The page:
Out of the ashes of the centralised state there emerged in the 1990s a capitalist free-for-all, in which the likes of mathematician Boris Berezovsky soon became a new class of unimaginably rich oligarchs through the acquisition of the country's assets, effectively ruling the country through their influence with the feeble, often drunk President Yeltsin.
The unrelenting focus of the play, Tom Hollander’s Boris Berezovsky is a larger-than-life figure, a buccaneering, wheeler-dealer businessman: smart, bombastic, relishing his ever-growing, apparently uncheckable power.
He strides the Almeida’s cruciform stage with energetic glee, a mesmerising figure to whom many come for ‘krysha’ or protection and advancement. Among them are a young up-and-coming businessman, Roman Abramovich (Luke Thallon) and an awkward, seemingly harmless minor provincial politician, Vladimir Putin (Will Keen, looking uncannily like the real Putin)
Luke Thallon as Roman Abramovich, Will Keen as Vladimir Putin in Peter Morgan's Patriots. Photo: Marc Brenner
Suffused with hubris, dazzled by his own power, Berezovsky makes the fatal mistake that will eventually bring about his spectacular downfall: he underestimates both Abramovich and, crucially, Putin.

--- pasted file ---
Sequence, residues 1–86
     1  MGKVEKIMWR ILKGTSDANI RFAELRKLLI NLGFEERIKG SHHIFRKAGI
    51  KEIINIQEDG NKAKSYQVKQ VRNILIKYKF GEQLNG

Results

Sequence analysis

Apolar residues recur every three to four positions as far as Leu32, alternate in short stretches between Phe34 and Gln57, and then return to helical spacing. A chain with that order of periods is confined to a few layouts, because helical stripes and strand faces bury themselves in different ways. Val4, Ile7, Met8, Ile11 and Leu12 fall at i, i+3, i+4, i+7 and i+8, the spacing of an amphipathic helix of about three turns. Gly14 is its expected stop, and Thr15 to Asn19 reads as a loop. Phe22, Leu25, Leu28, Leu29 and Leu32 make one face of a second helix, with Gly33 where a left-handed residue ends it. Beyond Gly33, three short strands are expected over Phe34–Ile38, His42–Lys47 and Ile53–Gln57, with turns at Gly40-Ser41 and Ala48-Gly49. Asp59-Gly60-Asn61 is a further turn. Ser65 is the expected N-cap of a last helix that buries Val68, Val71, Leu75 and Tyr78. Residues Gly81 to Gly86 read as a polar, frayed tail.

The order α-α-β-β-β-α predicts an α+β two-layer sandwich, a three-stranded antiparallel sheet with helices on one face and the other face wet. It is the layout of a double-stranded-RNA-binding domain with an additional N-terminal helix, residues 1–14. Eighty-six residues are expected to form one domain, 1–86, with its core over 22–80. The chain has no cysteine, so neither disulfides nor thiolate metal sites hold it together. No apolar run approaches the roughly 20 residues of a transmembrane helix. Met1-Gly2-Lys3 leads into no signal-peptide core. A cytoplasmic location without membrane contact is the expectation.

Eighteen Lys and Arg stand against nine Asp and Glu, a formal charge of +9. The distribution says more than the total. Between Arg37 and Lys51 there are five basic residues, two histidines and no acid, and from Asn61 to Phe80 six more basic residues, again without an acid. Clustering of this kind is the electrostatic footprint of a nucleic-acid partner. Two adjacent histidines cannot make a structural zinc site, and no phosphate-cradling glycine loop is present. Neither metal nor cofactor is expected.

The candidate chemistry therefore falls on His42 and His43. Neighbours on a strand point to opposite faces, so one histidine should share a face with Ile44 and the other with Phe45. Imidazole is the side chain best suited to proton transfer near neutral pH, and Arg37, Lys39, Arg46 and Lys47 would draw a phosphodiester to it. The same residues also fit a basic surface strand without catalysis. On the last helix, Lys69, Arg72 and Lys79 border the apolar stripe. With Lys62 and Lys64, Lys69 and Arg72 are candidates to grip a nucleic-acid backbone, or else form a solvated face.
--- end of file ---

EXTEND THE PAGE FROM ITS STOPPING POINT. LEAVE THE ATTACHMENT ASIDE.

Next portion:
Even as Putin smoothly slithers to the top of the pile, Berezovksy still thinks he can control him; and a chilling central scene between the two contrasts the oligarch’s arrogant bluster and the politician’s steely, self-righteous inflexibility, each claiming to be the true patriot.
There’s only going to be one winner and it’s not Berezovsky. Following a shrill denunciation of Putin’s mishandling of the submarine Kursk disaster in his TV channel, Berezovsky flees Russia. With him goes the disillusioned former secret service officer Alexander Litvinenko (Jamael Westman), whom he’s long tried to enlist as his own bodyguard.
Jamael Westman and Yolanda Kettle as Alexander and Marina Litvinenko in Peter Morgan's Patriots. Photo: Marc Brenner
In London Litvinenko will eventually become the victim of polonium poisoning by agents of the Russian state; while Berezosvky will fail in his attempt to use the British courts to extract a massive payment he claims Abramovich owes him.
Given political asylum in the UK, still very rich but deprived of the power and influence that defined him, the true Russian Berezovsky pines for his homeland; his life loses all meaning – he is the true hero of Greek tragedy, brought down by a fatal character flaw.
Almeida artistic director Rupert Goold directs a vibrant, fast-moving production that never falters, ably aided by Miriam Buether’s red-tinted sets, Jack Knowles’s lighting design and Adam Cork’s intelligent and atmospheric sound design.
The whole ensemble provides lively support to the protagonists who give us unforgettable characters: the blood-chilling Putin, the smooth operator Abramovich, the firebrand Litvinenko.
The evening, though, belongs to Tom Hollander: as Boris Berezovsky he offers a performance of extraordinary power and complexity, finding nuance and vulnerability among the bombast, his monstrous ambition tempered by humour and humanity.
|What||Peter Morgan, Patriots review|
|Where||Almeida Theatre, Almeida Street, Islington, London, N1 1TA | MAP|
|Nearest tube||Highbury & Islington (underground)|
02 Jul 22 – 20 Aug 22, 19:30 mats 14:30 Dur.: 2 hours 40 mins inc one interval
|Price||£10-£55 (returns only)|